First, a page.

Headlines on exploitive pricing practices are just the most recent examples of pharma’s corporate social “irresponsibility” presented for public vilification. Right or wrong, pharma remains a perennial target and a popular bogeyman among politicians, the media and a broad range of interest groups.
Let’s face it, Americans have a terrible view of the pharmaceutical industry, which is “now rated one of the worst industries” according to Gallup analyst Jim Norman. In Gallup’s annual measure of 25 major U.S. business sectors, the percentage of Americans with a positive view of the pharmaceutical industry dropped from 40% in 2014 to 35% in 2015.  Gallup’s polling data revealed only the oil and gas industry (ranking last 10 times) and the federal government (which took the bottom spot itself for three years) have consistently scored lower.
Owning and addressing this reality with tangible action is crucial to our future. Pharma’s poor reputation is hurting our business, limiting available investment, and, perhaps most damaging, leading the brightest minds away from the pharmaceutical industry.
Recent headlines notwithstanding, pharma’s brand equity and reputation is a critical issue that the entire supply chain must respond to more vigorously. During the recent political cycle, presidential candidates Clinton and Trump offered remarks critical to the industry. [2,3] Citing high profile price increases, Hillary Clinton’s policy brief declared “Between 2008 and 2015, drug makers increased the prices of almost 400 generic drugs by over 1,000 percent.”  Prior to the election both candidates proposed bills and policy reforms to regulate the industry’s assumed excesses and curtail future profiteering.
And the election did not end the rhetoric. Continuing the necessary debate on pharmaceutical pricing, Donald Trump said at his first post-election news conference that pharmaceutical companies are “getting away with murder” and vowed, “We are going to start bidding. We are going to save billions of dollars over time.”  If not reversed, the poor perception of the pharma industry will inevitably lead to policies damaging to the industry, including price controls and limits on intellectual property protection, discouraging costly research into cures and treatments.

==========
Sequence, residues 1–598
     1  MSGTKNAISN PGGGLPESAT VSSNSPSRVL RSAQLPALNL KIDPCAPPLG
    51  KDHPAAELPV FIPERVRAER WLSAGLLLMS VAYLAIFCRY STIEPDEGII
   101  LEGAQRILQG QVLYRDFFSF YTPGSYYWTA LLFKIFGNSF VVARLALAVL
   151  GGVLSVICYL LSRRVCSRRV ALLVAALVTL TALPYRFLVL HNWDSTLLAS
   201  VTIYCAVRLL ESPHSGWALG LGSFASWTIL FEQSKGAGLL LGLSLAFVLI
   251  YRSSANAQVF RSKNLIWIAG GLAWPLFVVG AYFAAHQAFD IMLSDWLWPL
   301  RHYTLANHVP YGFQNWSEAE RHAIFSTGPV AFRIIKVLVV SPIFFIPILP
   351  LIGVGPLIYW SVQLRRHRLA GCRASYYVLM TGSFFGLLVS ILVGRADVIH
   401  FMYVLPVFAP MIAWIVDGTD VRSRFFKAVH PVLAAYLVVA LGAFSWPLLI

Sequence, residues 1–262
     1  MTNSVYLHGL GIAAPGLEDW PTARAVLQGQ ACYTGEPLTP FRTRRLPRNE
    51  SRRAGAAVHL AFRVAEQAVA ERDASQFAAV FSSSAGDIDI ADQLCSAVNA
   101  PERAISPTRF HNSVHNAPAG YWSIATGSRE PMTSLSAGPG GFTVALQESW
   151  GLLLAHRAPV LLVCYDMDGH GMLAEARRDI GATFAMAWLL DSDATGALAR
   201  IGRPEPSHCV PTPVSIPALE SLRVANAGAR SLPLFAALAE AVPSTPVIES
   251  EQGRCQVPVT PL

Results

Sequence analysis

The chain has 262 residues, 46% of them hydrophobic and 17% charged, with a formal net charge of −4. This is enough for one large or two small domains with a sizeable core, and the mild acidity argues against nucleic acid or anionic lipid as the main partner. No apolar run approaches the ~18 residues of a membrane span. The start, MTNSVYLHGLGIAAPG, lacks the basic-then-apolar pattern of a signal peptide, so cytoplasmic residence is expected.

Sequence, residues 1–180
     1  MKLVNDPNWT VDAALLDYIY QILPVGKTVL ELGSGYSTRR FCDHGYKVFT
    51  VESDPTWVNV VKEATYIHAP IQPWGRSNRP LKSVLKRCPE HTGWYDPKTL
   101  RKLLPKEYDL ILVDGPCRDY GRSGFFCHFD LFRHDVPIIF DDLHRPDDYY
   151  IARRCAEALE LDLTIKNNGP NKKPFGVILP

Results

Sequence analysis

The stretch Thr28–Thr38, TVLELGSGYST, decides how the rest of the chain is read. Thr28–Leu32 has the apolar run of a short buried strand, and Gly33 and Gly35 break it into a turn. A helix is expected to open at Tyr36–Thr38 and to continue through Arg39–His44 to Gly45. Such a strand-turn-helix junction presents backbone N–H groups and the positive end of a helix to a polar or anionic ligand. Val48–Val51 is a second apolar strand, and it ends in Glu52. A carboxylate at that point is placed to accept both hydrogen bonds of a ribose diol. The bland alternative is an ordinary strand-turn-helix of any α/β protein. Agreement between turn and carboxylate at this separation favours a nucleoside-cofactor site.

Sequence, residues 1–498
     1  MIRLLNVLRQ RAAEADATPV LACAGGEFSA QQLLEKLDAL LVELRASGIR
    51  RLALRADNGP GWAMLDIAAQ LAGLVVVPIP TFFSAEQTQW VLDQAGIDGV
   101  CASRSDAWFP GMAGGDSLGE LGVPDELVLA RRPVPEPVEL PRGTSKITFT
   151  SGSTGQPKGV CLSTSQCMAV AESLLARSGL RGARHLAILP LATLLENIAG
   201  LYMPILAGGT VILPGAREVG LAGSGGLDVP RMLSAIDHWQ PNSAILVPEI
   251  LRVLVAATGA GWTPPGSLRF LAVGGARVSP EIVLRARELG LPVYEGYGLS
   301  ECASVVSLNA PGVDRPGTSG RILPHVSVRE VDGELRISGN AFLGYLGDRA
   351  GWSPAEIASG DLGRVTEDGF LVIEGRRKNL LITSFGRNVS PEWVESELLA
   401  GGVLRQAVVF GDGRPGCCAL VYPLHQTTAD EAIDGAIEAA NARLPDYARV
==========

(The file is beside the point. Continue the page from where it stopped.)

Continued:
A poor reputation hits companies where it hurts — in the stock price. Investors shy away from such industries, and reduce investment even more as uncertainty increases. Part of pharma’s consumer “brand” has become its alleged exploitive pricing — which continues to prompt remarks like those of the president. According to Forbes January 11, after Donald Trump’s remarks targeted high drug prices, billions fled biotech and pharma stocks in a steep selloff.  Shares of Pfizer, Endo and BMS were all identified by Forbes as the “biggest losers” in the wake of the Trump press conference. The uncertainty of future drug prices in light of the price controls proposed by Trump had a real negative impact on pharma stock valuation across the sector.
Markets value innovation in pharma above all else. In the same article, Forbes noted Merck managed to beat the trend, ending the day up by 2.6%, the Dow’s best performer on the announcement that the FDA accepted its request for an accelerated review of its new drug for patients with advanced lung cancer. With a bad reputation stifling the flow of market capitalization into research, the next generation of cures may be delayed.
Pharma’s bad image is creating other losses that may not be seen for decades. “Individuals want to work for organizations with a positive reputation and ethical c-suite leadership,” said Jill Schwieters, president of Cielo Healthcare, commenting on a recent Corporate Responsibility magazine survey on reputation and talent acquisition.  “The research demonstrates that a bad reputation could cost real money by increasing recruiting costs as organizations perceived as unethical struggle to successfully recruit women and Millennials.”